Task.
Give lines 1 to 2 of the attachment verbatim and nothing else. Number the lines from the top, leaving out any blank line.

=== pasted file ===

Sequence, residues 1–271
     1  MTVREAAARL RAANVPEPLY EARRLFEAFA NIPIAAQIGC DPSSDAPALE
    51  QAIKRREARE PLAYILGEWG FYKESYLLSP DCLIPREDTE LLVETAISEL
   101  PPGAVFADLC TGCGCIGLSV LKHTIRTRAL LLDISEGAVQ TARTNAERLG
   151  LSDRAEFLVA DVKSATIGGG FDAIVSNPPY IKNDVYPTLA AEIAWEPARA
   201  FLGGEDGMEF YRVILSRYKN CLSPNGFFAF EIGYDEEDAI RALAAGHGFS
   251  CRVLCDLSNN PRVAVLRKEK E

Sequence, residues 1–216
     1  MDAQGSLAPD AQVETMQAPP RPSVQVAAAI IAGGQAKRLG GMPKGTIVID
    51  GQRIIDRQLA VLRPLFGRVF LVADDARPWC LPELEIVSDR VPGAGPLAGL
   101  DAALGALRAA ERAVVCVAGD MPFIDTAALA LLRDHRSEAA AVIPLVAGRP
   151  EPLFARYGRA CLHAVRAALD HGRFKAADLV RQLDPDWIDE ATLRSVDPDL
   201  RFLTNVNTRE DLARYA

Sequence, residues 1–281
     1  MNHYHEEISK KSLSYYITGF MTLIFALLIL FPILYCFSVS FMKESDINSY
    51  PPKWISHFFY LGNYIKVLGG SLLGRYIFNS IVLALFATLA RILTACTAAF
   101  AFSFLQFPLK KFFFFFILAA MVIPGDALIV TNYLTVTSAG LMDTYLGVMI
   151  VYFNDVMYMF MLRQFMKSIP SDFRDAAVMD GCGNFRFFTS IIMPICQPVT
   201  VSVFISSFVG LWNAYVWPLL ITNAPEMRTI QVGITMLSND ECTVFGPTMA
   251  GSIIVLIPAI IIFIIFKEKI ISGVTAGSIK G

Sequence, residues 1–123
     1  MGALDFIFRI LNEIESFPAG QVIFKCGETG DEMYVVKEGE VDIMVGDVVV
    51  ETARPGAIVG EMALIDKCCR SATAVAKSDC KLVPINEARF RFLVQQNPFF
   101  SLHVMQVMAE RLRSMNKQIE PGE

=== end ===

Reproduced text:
Sequence, residues 1–271
     1  MTVREAAARL RAANVPEPLY EARRLFEAFA NIPIAAQIGC DPSSDAPALE